Session 2004-05, dated 6 April 2005
Terrorism and Community Relations report
The Home Affairs Select Committee today publishes a report which looks at the effect that the threat of international terrorism has had on community relations in the United Kingdom.
The report concludes that, overall, community relations have deteriorated, although the picture is by no means uniform, and that there are many positive examples to set against the overall assessment.
Building cohesive communities is integral to fighting terrorism, and the Muslim community should be fully involved in the next stages of the Government's anti-terrorism strategy. The report calls for much greater recognition of the problems of Islamophobia and anti-Semitism.
Local councils in this country and abroad have shown energy and imagination in tackling difficult issues. Their efforts should be reinforced by a central Government strategy to explain national policies and to encourage discussion.
Leadership is key at all levels. Faith leaders have a particularly important part to play in challenging prejudice and reinforcing tolerance.
The report looks at stops and searches and arrests under the anti-terrorism legislation. The large majority of stops and searches take place in London, where the Asian population is mirrors the proportion of Asians stopped and searched. The Committee therefore does not believe that the Asian community is being unreasonably targeted by police stops and searches, but accepts that Muslims clearly perceive that they are being stigmatised by the operation of the Terrorism Act. The police and Government should make special efforts to reassure Muslims. In particular, the Muslim community should be involved in independent scrutiny of police intelligence and its use.
A wide range of witnesses expressed to the Committee concerns over media coverage of terrorism and community relations: media coverage of international terrorism and community relations has a powerful and often negative impact. The report concludes that representatives of the media were unaware or dismissive of this. The media must live up to their responsibilities to report fairly and accurately.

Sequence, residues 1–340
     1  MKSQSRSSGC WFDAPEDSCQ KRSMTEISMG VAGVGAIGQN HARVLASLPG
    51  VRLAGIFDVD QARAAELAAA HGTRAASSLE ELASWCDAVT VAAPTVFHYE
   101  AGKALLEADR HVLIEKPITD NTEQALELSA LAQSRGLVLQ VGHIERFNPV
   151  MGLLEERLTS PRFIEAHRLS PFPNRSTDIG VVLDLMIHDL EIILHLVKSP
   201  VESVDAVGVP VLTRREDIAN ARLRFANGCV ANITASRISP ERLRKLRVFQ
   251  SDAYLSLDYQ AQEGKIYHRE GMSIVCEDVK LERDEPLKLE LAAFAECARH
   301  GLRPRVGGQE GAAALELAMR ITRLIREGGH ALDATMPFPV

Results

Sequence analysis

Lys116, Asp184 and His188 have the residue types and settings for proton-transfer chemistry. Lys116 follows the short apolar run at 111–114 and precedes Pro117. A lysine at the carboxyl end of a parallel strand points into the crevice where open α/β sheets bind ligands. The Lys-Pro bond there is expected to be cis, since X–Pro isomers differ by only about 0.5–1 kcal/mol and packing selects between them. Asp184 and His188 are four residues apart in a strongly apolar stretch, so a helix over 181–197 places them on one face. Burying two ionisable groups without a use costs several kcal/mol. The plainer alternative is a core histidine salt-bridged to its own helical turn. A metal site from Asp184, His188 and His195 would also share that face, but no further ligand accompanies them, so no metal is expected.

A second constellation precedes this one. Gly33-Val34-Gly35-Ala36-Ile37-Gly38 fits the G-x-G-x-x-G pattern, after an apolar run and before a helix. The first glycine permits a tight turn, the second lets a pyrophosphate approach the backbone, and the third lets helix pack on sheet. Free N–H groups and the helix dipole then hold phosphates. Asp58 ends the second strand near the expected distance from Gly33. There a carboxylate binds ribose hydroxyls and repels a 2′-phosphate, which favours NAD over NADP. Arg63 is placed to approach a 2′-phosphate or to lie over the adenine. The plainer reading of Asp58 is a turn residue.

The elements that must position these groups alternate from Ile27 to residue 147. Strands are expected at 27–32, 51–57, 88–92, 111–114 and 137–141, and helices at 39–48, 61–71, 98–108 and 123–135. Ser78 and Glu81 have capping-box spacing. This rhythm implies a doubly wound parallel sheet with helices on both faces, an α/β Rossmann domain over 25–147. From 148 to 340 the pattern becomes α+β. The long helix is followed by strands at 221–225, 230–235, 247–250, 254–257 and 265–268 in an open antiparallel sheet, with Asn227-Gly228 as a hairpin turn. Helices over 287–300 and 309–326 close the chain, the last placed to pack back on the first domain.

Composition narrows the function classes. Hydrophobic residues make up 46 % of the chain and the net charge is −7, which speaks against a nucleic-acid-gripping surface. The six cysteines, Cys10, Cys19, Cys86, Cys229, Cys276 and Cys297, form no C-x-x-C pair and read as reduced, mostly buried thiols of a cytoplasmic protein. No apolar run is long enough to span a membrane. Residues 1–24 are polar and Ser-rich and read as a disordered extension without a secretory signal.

The report endorses the call for a national debate to develop a modern British identity that was first made in the Cantle Report on the northern riots.
Commenting on the report Committee Chairman Rt Hon John Denham MP said:
"This country has a tradition of reasonably frank and open discussion of community issues. We must build on this to tackle the new problems created by the threat of terrorism.
Although we concluded that community relations had deteriorated overall since 2001, we heard of many positive initiatives that show the way forward.
"Leadership is the key to dealing with the issues arising from terrorism and community relations. Local leaders, faith leaders and central Government all have their parts to play in building cohesive communities.
"The Muslim community in Britain overwhelmingly rejects terrorism. The stereotyping of the Muslim community was rightly criticised in our inquiry. Many issues of community cohesion, of anti-terrorist work, and of media coverage have had a particular impact on the Muslim community.
"The Government needs to bring together its support for community cohesion with its anti-terrorist strategy and certainly needs to ensure that the Muslim community are fully involved in developing the next steps in tackling terrorism.
"The Government should also support a national debate about British identity in the 21st century."